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Infectious Disease Controls Bill Debated

A bill which allows more control over those who pose risks due to infectious diseases has been sent to select committee with wide agreement.

Health Minister Jonathan Coleman said the Health (Protection) Amendment Bill would amend outdated legislation creating protections from those carrying infectious diseases.

Dr Coleman said the Health Act did allow for some powers to protect from diseases such as Ebola these would remain, but the changes would allow for more protections and other things such as contact tracing.

There would be powers to direct for testing and in extreme cases quarantine and travel restrictions with safeguards for human rights. Enforced treatment orders would be possibly, but this would not be able to be physically enforced.

The bill also stops the commercial provision of sun bed tanning for those under the age of 18.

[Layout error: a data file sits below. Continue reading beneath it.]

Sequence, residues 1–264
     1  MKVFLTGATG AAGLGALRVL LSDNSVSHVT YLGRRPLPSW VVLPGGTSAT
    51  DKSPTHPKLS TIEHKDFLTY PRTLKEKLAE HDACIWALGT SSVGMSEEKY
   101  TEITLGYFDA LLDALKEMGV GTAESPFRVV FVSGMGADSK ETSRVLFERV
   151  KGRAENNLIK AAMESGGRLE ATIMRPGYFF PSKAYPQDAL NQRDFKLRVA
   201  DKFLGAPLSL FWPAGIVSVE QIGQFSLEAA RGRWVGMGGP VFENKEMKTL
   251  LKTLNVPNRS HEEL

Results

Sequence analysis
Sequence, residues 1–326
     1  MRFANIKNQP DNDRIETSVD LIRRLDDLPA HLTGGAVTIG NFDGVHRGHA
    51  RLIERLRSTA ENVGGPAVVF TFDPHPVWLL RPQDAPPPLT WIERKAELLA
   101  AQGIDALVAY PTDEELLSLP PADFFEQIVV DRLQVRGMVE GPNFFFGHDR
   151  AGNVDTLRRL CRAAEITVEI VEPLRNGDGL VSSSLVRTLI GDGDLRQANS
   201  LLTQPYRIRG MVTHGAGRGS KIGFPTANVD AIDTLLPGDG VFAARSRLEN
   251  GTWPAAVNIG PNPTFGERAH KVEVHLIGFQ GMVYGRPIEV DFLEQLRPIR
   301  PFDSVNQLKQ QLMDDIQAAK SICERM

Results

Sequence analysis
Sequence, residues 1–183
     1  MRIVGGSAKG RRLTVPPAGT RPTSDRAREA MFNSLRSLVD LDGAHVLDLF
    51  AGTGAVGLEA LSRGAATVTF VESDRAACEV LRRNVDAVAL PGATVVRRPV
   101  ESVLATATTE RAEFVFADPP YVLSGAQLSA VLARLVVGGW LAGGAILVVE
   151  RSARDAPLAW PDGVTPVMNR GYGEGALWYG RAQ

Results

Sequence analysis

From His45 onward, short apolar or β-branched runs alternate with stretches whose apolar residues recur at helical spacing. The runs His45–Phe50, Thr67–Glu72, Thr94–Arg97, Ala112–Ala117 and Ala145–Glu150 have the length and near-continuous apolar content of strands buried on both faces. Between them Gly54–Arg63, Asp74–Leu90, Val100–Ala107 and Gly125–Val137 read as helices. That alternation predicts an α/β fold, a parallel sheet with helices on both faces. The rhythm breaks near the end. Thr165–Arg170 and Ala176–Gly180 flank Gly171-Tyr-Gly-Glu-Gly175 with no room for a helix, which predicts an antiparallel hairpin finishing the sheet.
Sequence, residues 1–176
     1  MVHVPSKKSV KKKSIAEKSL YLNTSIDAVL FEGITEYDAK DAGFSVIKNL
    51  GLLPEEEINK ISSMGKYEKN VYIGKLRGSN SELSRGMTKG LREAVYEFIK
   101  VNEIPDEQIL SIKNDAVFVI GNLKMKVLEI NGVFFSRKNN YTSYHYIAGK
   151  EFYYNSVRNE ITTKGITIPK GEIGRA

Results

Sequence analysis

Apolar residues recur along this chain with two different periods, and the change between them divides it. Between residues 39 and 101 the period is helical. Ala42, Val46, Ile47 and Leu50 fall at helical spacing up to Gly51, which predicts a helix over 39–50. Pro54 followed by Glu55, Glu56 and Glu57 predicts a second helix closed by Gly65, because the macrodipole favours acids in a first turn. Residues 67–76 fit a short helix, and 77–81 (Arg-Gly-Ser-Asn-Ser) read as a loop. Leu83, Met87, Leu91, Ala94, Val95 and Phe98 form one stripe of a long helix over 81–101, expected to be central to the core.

Annette King said Labour would support the legislation. The changes had been proposed in 2007 in wider amendments to the Health Act but these had languished due to opposition from National.

The changes would strengthen the current fragmented regime, she said.

Green MP Kevin Hague said these sorts of laws were a balancing act of protecting liberty and protection of the public.

If the balance tipped too far people who were ill or possibly ill might not present themselves for treatment because they feared the consequences, he said.

The bill was sent to the Health Committee for consideration on a voice vote.

The House rose at 6pm interrupting debate on the second reading of the Parole Amendment Bill.

Earlier the Gambling Amendment Bill (No 3) completed its first reading by 108 to 11 with NZ First opposed and was sent to the Government Administration Committee.


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